Echoes seduces from the outset: the re-recorded “Olio”, the latent Curey tech-mope once wriggling to be free from the shitty post-hardcore recording quality made gloriously explicit. Then “Heaven”, brittle guitar raunch, closer to what you “expect” The Rapture to sound like. “Open Up Your Heart”, unexpected like its title, a wilting piano ballad. And then “I Need Your Love”, rock song of the year if you can even call it that.

“I Need Your Love” is, for all intents and purposes, a disco song. (We call it house music these days, blame the British.) Chattering sequencers, warm lugubrious synths, that metronomic tick-tock boom-tick, & not a guitar in sight. Never has Tom’s “it’s like they found some secret bunker full of stale 1979 air and have been reverently recording in it since” been more and less apt. On the one hand, this is not “house music” in the sense that you could expect to find it on the next Ministry of Sound comp. (Although it’s only one remix and bongo breakdown away from being there.) On the other, it’s not heritage-disco either. (Which is why it’s been appearing on the more outré house comps this year.) Like electroclash, The Rapture has figured out a way to make retro-leaning music which stands apart from whatever the great modernist project of the year is (gutter garage, micro-whatever) and yet could have never been made in any other moment but this one (A Certain Ratio never got on such a good foot as The Rapture does here, just like electroclash’s neuter vocals would have never made it in 1982’s arch-pop landscape.)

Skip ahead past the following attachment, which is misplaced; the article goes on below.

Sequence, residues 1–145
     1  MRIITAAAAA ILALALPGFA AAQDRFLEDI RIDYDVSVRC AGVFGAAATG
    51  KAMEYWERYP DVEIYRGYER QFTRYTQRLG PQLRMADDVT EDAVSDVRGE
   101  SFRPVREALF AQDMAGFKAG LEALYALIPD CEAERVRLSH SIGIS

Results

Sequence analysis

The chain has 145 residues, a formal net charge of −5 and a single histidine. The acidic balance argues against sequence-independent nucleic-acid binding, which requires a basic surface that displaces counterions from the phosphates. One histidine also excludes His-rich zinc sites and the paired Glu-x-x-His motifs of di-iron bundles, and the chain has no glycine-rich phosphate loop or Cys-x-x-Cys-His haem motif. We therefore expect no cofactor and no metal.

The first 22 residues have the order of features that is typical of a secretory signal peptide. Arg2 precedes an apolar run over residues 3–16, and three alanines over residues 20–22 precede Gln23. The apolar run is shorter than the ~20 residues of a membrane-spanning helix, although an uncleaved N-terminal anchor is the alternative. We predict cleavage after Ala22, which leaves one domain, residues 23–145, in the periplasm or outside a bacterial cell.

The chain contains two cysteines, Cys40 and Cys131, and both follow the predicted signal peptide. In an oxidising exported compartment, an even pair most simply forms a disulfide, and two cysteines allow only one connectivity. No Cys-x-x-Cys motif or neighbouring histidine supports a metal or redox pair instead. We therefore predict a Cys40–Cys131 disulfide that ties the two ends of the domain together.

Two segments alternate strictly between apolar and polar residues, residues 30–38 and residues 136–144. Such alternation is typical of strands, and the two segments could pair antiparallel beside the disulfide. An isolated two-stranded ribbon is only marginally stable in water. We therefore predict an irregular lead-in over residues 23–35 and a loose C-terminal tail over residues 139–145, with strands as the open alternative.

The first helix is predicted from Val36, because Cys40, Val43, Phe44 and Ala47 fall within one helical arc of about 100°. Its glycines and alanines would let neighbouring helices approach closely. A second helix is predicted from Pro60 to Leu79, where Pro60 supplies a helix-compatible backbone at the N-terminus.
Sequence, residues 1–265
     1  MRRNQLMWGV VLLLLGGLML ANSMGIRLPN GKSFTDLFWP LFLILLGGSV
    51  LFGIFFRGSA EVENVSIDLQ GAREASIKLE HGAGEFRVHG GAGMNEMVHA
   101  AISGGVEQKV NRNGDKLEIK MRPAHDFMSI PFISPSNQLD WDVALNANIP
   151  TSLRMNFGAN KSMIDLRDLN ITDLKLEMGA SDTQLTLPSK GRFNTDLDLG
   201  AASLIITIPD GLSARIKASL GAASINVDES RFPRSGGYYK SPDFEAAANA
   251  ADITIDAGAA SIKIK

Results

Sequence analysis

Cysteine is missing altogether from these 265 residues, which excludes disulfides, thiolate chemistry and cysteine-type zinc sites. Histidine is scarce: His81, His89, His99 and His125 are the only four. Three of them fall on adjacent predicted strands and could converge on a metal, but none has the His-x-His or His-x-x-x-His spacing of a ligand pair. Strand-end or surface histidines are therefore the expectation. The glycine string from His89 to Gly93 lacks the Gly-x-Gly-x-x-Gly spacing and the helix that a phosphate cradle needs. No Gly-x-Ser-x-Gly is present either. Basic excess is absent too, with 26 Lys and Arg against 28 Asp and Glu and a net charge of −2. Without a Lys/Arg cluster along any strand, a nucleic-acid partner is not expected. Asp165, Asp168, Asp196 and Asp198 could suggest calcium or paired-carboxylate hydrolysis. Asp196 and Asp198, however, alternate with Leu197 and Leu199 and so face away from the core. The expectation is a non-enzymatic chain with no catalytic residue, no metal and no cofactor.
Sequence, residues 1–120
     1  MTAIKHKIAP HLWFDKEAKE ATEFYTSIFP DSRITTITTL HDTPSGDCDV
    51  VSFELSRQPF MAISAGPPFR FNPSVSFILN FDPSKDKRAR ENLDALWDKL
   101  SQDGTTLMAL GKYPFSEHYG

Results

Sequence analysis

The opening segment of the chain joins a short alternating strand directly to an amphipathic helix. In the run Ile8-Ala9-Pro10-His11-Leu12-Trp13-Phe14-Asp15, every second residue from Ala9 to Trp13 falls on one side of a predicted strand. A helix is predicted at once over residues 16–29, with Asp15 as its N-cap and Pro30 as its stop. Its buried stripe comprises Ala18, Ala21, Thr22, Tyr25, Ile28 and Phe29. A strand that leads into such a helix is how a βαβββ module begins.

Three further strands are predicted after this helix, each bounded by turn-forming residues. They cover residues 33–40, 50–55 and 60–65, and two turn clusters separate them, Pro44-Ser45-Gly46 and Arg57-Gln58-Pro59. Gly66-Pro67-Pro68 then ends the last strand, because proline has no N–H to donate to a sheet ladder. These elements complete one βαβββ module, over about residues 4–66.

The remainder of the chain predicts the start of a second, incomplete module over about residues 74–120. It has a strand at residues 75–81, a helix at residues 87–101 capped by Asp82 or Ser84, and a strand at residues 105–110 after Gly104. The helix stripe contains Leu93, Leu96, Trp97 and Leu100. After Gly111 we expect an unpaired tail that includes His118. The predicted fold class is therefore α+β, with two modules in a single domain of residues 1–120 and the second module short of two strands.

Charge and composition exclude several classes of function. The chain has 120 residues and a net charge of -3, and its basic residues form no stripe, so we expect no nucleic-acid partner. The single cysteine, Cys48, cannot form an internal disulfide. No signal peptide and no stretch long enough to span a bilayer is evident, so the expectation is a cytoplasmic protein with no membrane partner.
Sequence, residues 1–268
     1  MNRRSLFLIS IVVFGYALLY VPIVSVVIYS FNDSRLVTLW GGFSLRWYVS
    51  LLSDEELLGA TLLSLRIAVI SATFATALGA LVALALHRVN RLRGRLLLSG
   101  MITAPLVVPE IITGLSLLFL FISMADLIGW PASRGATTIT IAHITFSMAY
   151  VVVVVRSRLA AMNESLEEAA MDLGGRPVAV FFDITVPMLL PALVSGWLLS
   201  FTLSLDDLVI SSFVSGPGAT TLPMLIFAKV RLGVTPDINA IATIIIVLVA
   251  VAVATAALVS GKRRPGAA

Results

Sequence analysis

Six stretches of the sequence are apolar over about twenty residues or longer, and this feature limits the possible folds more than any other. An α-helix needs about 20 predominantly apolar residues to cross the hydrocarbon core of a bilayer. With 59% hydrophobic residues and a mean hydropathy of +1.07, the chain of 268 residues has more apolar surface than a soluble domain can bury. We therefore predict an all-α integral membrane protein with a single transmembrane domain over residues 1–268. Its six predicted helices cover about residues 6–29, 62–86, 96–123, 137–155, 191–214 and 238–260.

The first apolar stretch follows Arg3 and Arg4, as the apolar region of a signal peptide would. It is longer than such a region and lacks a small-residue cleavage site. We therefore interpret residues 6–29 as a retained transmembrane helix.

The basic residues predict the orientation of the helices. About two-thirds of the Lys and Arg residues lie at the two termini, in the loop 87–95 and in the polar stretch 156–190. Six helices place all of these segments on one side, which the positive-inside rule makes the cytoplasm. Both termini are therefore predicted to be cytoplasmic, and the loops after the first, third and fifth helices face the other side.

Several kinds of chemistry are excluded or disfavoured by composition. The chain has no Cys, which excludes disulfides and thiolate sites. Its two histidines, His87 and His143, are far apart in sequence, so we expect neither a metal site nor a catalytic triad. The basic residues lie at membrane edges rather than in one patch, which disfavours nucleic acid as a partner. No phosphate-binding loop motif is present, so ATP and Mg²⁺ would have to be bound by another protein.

(Oh, album of the year so far, btw. In case you hadn’t figured that out.)